Eartjhustice and Justice Owen

Glenn Sugameli of Earthjustice believes that I have misrepresented their critique of Justice Owen. He raises two points. First, he points out that Earthjustice has produced substantive analyses of some of Justice Owen’s opinions so it is unfair for me to suggest otherwise. Writes Glenn, “Earthjustice always provides and posts on our website a detailed analysis of the legal merits of any judicial nominee’s opinions that we criticize.” Second, he believes I mischaracterized the issues in the FM Properties case. Let me address each point.

First, Glenn is correct to note that Earthjustice has produced some lengthy analyses of Justice Owen’s record (see, e.g. here). Nonetheless, I believe it is fair to characterize Earthjustice’s analyses as result-oriented and misleading. The language used to promote the various reports and critiques — that a given justice is “anti-environment,” or favors “special interests over public health and ordinary citizens,” etc. — furthers the perception that judges should be evaluated based upon the identities of the winners and losers or the policy implications of specific cases, not the legal merits of the claims at issue. Glenn objects that some of these characterizations appear in material distributed by the Alliance for Justice, and not Earthjustice itself. True, but last I checked Earthjustice is a member of the Alliance for Justice. And while Earthjustice may “always” always provide detailed analyses of opinions they criticize, they’ve certainly gone after various nominees, such as Miguel Estrada and Henry Saad, without providing much analytical support.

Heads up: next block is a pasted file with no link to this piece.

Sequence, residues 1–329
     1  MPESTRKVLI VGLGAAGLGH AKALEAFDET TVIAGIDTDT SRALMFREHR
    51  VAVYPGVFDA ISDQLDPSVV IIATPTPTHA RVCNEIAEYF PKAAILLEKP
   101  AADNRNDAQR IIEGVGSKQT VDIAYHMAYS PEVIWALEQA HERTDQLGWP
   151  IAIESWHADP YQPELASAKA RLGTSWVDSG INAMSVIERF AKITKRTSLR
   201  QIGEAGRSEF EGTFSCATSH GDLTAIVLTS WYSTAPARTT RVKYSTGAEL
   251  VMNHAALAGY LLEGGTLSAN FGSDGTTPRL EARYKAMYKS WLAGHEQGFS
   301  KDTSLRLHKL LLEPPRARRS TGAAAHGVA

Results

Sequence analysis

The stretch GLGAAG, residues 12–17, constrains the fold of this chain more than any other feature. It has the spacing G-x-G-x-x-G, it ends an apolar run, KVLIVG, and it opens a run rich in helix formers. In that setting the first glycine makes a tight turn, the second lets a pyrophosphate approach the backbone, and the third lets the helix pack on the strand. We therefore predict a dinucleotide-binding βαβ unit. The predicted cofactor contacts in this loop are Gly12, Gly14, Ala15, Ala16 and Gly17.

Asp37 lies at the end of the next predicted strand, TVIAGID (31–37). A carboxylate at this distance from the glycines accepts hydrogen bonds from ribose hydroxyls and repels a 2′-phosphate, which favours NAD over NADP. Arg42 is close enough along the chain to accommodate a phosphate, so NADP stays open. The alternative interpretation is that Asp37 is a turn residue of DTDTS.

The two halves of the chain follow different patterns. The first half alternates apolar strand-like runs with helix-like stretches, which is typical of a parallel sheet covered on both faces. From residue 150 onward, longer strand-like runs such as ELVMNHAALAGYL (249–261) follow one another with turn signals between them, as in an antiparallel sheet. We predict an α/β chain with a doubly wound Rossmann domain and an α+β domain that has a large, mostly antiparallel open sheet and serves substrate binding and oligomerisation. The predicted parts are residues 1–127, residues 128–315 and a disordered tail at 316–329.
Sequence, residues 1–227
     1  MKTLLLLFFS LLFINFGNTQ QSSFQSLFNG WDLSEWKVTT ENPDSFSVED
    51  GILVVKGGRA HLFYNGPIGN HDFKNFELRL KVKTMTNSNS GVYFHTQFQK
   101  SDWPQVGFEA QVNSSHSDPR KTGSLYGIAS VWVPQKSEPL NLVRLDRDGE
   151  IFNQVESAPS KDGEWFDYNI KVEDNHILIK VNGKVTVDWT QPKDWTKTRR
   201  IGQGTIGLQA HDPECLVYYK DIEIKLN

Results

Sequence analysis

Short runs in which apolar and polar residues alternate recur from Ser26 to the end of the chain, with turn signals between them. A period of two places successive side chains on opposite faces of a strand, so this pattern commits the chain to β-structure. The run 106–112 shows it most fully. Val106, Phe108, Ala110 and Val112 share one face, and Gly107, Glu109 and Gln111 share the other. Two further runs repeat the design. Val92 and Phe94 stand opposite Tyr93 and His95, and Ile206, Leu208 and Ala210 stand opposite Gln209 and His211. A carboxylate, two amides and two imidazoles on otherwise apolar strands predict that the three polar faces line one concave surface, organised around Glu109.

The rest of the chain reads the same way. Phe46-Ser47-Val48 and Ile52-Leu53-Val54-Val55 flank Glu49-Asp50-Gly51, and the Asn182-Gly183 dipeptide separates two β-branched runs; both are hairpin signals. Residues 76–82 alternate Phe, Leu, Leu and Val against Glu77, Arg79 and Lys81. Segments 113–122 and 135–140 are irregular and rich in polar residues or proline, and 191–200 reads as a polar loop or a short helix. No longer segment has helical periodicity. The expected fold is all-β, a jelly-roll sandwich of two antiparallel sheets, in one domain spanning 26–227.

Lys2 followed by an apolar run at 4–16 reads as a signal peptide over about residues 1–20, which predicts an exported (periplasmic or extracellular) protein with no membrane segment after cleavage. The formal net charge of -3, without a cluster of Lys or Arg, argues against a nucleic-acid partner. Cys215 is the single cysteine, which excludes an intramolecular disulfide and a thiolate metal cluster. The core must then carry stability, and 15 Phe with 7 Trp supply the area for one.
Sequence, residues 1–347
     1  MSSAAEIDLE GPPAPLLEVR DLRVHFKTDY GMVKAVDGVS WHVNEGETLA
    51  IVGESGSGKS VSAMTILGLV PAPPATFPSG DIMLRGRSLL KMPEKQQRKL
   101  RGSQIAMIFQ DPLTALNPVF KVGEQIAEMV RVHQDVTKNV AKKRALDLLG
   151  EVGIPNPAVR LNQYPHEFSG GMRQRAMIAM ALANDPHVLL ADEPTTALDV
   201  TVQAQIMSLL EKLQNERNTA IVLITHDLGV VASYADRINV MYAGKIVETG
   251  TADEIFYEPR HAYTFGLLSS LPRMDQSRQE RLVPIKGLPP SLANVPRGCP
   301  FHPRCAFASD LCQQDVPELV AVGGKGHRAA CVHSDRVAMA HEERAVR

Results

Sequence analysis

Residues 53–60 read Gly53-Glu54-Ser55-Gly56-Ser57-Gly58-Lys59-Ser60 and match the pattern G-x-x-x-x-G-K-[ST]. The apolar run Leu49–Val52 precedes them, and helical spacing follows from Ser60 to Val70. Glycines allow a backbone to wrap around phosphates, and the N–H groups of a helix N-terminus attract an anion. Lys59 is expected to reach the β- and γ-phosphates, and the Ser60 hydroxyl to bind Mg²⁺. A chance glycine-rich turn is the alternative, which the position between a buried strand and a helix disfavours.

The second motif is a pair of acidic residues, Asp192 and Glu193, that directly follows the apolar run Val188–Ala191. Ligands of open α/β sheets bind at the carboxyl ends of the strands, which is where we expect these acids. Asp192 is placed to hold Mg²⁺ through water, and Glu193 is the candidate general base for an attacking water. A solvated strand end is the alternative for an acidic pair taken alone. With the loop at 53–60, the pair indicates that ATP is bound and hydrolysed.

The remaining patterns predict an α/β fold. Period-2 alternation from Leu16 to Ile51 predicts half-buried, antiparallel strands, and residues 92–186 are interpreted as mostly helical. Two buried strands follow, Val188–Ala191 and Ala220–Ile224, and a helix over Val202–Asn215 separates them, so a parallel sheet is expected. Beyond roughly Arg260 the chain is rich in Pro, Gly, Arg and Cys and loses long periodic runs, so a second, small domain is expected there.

Second, Glenn is correct to note that there is a distinction between delegations to administrative agencies (which are routinely upheld) and delegations to private entities. FM Properties concerned the latter, and environmental groups have typically been staunch defenders of the former. I didn’t note this distinction in my article due to space concerns (though I did in my prior Owen piece). In any event, I don’t think this undermines my point that the criticism of Justice Owen here has little to do with the doctrinal merits or any alleged “activism,” but rather with the end result. Environmentalist groups didn’t like the statute at issue in FM Properties, so they attack Justice Owen’s vote not to strike it down and use it as a basis to oppose her confirmation. Moreover, Earthjustice continues to distribute various fact sheets that distort the legal issues at stake. This one, for instance, suggests that Justice Owen would have “exempted big business from municipal clean-water safeguards,” when it was the statute passed by the legislature that created the exemption. As Justice Owen explained in her dissent, it is not unconstitutional for a state to exempt qualified private landowners from state-authorized local regulation. Whether such exemptions are wise policy is a decision left to the state legislature, not state courts.

Jonathan H. Adler — Jonathan H. Adler teaches courses in environmental, administrative, and constitutional law at the Case Western Reserve University School of Law.

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